Luke 10:38–42 comment (0)
October 10, 2013
By James Riley Strange
Bible Studies for Life
Associate Professor of Religion, Samford University
Even Christians Collide
In this brief passage we learn about two sisters who had a conflict over what to do when Jesus came to visit. We learn much simply by putting the passage in its context.
The passage occurs near the beginning of Luke’s “travel narrative,” which narrates Jesus’ journey to Jerusalem. All three “Synoptic” Gospels (Matthew, Mark and Luke) have a travel narrative, but Luke’s is especially long (almost one-third of the Gospels) and occupies a central place in the story (9:51–19:27). Consequently at every point along the way, whether Jesus is teaching the lawyer about the Good Samaritan (just before our passage: 10:25–37) or is instructing the disciples in how to pray (just after it: 11:1–4), we are to keep in mind the words, “When the days drew near for Him to be taken up, He set his face to go to Jerusalem” (9:51). Jesus is on His way to His death.
Consequently the phrases “on their way” and “along the road” imply “to Jerusalem.” Luke, therefore, is probably using the “way to Jerusalem” as a symbol for discipleship (remember that in Acts, Luke’s second volume, Jesus’ followers called themselves “the Way”: Acts 9:2; 18:25; 19:9, 23; 22:4; 24:14, 22). That is certainly the case with today’s passage.
Luke calls the place where Mary and Martha live “a certain village.” John identifies it as Bethany, a town near the Mount of Olives, the hill immediately east of Jerusalem (John 11:1, 18). John suggests that the sisters live together (John 11:20) and mentions a house of the women’s brother Lazarus (12:1). Luke suggests that the house in his story is Martha’s and makes no mention of Lazarus, although some suggest that he is the Lazarus of Jesus’ parable in Luke 16:19–31.
John also portrays Martha as one who serves. Luke’s “much serving” sounds awkward today, but we will see that it helps us, because later in Luke 22:24–27 Jesus will define discipleship as serving.
In John’s story, Mary anoints Jesus’ feet with perfume (John 12:1–3; Luke does not identify the woman who anoints Jesus, and places the story at the house of Simon the Pharisee: 7:36–50).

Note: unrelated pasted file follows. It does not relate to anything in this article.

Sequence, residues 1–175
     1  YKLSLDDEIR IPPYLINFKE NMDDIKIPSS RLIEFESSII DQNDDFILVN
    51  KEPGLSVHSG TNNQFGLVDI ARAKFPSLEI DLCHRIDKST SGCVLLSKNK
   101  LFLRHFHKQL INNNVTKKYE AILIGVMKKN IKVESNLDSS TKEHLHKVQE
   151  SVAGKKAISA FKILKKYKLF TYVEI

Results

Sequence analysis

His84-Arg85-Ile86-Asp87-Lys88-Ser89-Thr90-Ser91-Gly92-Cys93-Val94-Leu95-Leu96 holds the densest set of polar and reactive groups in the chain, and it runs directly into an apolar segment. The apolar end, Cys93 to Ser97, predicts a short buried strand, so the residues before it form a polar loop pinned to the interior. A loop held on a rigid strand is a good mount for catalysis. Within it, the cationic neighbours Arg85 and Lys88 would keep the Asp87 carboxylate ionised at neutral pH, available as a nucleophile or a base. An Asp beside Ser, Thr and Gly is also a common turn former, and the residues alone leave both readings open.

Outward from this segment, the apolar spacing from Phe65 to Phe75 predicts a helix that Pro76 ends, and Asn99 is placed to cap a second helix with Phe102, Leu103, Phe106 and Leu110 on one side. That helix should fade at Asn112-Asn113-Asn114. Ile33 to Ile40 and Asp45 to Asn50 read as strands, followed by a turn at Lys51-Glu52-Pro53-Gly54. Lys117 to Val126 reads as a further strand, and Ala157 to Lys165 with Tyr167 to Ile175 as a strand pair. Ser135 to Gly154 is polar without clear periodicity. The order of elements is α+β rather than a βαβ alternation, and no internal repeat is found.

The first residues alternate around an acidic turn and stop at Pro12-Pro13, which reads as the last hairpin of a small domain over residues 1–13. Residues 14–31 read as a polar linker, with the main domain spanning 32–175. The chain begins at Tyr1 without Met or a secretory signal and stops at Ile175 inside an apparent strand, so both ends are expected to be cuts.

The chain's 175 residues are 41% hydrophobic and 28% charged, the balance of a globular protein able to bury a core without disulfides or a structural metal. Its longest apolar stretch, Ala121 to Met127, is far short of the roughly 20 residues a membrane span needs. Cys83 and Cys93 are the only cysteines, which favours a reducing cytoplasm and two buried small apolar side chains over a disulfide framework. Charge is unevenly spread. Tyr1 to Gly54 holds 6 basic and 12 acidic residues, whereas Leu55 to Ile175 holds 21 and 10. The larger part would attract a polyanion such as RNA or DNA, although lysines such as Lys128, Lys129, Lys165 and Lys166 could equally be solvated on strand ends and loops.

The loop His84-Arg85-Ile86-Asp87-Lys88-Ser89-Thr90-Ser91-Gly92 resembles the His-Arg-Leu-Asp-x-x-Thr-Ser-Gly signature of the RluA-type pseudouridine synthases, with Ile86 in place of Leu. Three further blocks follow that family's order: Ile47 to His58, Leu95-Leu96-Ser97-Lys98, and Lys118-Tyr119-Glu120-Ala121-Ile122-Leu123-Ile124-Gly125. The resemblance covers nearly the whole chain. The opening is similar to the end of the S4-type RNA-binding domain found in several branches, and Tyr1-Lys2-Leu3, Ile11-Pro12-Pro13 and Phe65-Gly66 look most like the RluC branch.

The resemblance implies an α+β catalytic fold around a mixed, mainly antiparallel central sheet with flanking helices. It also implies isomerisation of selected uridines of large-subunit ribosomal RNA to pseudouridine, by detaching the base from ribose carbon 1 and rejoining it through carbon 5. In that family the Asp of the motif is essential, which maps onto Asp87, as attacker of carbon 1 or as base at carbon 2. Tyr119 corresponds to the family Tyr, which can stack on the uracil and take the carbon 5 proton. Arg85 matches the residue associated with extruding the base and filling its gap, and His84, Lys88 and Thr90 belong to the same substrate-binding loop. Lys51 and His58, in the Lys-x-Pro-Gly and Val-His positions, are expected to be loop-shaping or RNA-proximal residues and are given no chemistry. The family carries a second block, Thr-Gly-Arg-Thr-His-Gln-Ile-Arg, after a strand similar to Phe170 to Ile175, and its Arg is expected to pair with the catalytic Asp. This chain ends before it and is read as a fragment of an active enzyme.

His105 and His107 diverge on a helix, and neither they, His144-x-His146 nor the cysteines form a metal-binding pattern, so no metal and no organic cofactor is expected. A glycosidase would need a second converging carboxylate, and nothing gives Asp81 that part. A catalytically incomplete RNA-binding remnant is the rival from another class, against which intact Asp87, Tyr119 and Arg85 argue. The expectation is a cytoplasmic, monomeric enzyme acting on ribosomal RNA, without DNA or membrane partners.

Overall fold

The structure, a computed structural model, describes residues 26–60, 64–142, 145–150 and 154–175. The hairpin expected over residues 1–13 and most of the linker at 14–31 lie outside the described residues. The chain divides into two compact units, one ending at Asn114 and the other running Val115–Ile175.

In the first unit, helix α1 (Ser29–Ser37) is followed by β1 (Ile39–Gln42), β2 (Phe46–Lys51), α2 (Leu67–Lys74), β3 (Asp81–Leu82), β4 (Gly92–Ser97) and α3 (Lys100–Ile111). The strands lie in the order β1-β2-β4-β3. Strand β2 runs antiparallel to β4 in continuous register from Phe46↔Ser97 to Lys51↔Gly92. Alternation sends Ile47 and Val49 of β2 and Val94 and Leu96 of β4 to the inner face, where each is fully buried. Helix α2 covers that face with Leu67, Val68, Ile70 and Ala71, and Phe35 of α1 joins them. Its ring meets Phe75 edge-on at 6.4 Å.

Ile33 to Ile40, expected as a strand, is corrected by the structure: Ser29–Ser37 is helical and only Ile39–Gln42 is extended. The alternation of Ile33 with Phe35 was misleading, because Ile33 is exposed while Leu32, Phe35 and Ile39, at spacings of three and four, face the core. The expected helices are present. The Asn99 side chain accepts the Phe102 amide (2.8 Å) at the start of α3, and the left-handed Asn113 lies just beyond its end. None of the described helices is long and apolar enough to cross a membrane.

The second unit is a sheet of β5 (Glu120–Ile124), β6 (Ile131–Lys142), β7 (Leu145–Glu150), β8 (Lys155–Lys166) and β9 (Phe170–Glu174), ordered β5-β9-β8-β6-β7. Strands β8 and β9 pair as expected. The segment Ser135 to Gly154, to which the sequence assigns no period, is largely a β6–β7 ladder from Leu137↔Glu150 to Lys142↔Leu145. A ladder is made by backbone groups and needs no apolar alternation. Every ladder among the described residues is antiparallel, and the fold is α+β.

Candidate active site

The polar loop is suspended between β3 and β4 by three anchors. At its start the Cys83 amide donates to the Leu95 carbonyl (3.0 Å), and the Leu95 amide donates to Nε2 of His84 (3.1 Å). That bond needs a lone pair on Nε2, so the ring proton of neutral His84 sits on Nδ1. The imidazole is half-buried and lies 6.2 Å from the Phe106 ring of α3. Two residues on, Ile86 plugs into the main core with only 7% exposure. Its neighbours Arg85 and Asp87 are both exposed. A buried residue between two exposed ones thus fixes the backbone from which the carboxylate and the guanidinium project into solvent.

Luke presents us the striking picture of Mary sitting at Jesus’ feet; we normally expect male students to take this posture, whether literally or figuratively. Remember it is Luke who mentions that Jesus has female followers (Luke 8:1–3; 23:55–56; 24:22–24; compare Acts 9:36–39; 16:14–15; 18:2–3; 18), and here he shows us a tableau of a woman disciple learning at the feet of her teacher (compare Luke 8:35; Acts 22:3).
Jesus’ enigmatic statement, “Mary has chosen the better part, which will not be taken away from her,” invites us to ask what we see in this passage. In the context of Luke’s Gospel and Acts, both Martha’s service and Mary’s learning show us different and laudable paths to discipleship. But in the immediate context of the story, Jesus praises Mary’s way over Martha’s. Why? The background mentioned earlier suggests an answer: because Jesus is on His way to His death, opportunities to learn at His feet are few and fleeting. On the other hand, opportunities to serve will abound after Jesus has gone. See especially Acts 6:1–7, where the Jerusalem believers choose seven men to serve widows. The word translated “serve” (“serve/wait tables” and “serve the Word”) in verses 2 and 4 is the basis of our English word “deacon.”
Luke’s story, therefore, invites us to look at ourselves when we come into conflict with a fellow Christian. We should ask, “Despite our disagreement, and despite our differences, how is my brother or sister in Christ being a faithful disciple of our Lord?”